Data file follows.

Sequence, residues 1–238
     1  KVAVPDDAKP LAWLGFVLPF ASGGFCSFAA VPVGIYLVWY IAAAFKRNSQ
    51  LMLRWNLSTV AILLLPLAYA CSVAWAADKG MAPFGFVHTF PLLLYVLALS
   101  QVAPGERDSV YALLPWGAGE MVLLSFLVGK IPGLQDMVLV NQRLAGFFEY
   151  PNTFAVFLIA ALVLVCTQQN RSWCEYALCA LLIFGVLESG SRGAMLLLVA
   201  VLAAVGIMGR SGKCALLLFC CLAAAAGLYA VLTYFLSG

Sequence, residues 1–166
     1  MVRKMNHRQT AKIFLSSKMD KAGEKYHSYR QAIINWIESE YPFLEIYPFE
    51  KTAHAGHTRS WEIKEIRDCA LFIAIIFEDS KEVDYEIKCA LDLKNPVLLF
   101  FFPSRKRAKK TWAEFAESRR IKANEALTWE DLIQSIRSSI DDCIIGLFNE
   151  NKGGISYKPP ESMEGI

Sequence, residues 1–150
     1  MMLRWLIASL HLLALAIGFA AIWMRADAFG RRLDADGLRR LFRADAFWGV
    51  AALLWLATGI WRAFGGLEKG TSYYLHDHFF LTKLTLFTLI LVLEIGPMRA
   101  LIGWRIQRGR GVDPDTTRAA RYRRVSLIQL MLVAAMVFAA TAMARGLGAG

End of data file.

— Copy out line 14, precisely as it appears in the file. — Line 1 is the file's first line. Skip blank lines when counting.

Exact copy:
    51  AALLWLATGI WRAFGGLEKG TSYYLHDHFF LTKLTLFTLI LVLEIGPMRA